Facebook is a reminder that the simplest ideas are always the most valuable.
Or, as I tweeted earlier tonight:
Dumb ideas can be monetized better because the world is full of dumb people.
Facebook is dumb. And that is why it’s so brilliant.
In business, dumb is good. If dumb people can use your product, and even build stuff on it, that’s a good sign you have a $100 billion idea. There are lots more dumb people than smart people in the world, so the market opportunity of dumb is scarily vast.
The Photos product is the quintessential story of it not being about the technology, but instead keeping it simple and focusing on what really matters to people. Very early on, Facebook Photos overcame Flickr to become the largest photo destination on the web. That’s because it wasn’t about the photos themselves, but the people in the photos. The ability to tag, share, like mattered more than the ability to download a 4000×3000 copy of that gorgeous photo of a plant.
Facebook is killing HTML and killing the open web, but it doesn’t matter because the thing that really matters to people is not the web but socializing 24/7 with their real friends. Technology is secondary to simple human desire.
It’s not like Zuckerberg was the first to get this, either. Friendster tried. MySpace tried. Friendster couldn’t scale. MySpace sold out. Profiles and accounts tied to people — some real, some fake — were around since the earliest days of the web. That caveat turns out to have been a crucial limiter. When your friend list is polluted by even a small number of fakes, weirdos, or creeps, your trust in the network plunges to zero. I try every social product ever but I could never bring myself to use MySpace for this reason. I got up to about seven friends, and not only did I stop using it, but I deleted my account. Even seeing the email notifications that some bozo I didn’t know friended me was too much.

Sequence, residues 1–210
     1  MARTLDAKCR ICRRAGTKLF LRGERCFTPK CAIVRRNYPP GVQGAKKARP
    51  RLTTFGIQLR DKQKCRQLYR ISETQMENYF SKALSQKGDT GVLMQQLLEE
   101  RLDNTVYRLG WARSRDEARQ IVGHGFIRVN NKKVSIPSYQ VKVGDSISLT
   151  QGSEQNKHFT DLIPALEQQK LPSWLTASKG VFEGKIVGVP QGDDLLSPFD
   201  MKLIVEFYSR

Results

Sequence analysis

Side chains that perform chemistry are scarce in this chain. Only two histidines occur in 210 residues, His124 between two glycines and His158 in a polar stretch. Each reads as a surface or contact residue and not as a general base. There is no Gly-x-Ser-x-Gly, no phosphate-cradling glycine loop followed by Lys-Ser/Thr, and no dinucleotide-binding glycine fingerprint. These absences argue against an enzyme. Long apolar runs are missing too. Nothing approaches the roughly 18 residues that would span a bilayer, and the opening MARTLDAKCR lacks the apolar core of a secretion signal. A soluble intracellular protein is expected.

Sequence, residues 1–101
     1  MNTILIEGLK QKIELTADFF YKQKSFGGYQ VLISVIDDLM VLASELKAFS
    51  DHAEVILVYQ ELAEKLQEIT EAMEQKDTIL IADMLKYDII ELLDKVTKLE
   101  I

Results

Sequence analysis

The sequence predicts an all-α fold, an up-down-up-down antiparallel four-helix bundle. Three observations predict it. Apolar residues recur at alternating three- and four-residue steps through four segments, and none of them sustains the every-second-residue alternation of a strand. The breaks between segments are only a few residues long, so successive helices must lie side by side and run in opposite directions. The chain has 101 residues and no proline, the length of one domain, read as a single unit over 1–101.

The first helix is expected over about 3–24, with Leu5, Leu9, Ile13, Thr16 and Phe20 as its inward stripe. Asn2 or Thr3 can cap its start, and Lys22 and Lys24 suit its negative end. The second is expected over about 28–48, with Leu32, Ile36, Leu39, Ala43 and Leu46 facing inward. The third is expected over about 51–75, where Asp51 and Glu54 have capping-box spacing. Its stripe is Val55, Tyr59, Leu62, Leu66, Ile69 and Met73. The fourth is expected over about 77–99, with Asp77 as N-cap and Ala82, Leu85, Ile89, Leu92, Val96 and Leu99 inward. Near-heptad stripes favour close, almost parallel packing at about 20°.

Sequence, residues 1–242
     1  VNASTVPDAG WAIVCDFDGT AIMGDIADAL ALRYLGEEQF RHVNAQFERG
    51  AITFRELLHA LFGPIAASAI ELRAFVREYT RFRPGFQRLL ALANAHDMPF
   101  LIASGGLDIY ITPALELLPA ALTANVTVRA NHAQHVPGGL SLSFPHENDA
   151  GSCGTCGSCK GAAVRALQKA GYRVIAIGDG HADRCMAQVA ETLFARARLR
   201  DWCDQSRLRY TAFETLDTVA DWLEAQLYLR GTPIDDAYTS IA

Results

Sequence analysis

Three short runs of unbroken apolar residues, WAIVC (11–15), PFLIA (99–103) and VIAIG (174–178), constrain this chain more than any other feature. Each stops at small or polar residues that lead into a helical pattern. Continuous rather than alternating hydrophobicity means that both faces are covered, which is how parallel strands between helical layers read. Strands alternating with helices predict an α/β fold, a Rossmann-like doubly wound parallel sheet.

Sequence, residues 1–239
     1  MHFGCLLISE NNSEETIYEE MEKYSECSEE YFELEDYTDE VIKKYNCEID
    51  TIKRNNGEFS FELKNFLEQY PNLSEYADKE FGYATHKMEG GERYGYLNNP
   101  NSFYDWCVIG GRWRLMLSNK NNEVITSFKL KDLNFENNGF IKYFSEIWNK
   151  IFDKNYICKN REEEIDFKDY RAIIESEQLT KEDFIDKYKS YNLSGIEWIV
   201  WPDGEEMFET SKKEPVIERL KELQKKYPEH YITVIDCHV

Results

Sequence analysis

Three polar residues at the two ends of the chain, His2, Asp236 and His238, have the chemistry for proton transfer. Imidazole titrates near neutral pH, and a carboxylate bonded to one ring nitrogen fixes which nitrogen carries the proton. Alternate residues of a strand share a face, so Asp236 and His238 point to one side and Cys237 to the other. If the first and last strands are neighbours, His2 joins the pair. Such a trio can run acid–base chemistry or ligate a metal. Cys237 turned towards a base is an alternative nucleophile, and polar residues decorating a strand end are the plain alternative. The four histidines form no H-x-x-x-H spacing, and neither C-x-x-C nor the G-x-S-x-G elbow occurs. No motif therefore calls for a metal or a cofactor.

Zuckerberg solved this problem not by utopian social engineering but by rigging the game so people couldn’t play it any other way, limiting it first to harvard.edu addresses and then extending it to other college campuses. This did two things. First, it created a velvet rope effect where others clamored for access. And second it made it so that real identity was baked into Facebook from the very beginning. This is why people chose it over MySpace and why network effects were able to take hold.
In writing about the future of the Internet in recent days, I was reminded by how little intellectual property actually matters in this world, and how it’s really all about relentless execution and aligning the incentives with the desires of the user base. The most valuable ideas are the ones that are obvious and universal: Searching for things online, social connections, frictionless communication.
The next $100 billion idea will be the really obvious thing no one has done yet.
And, yes, finding that thing is about as impossible as it sounds.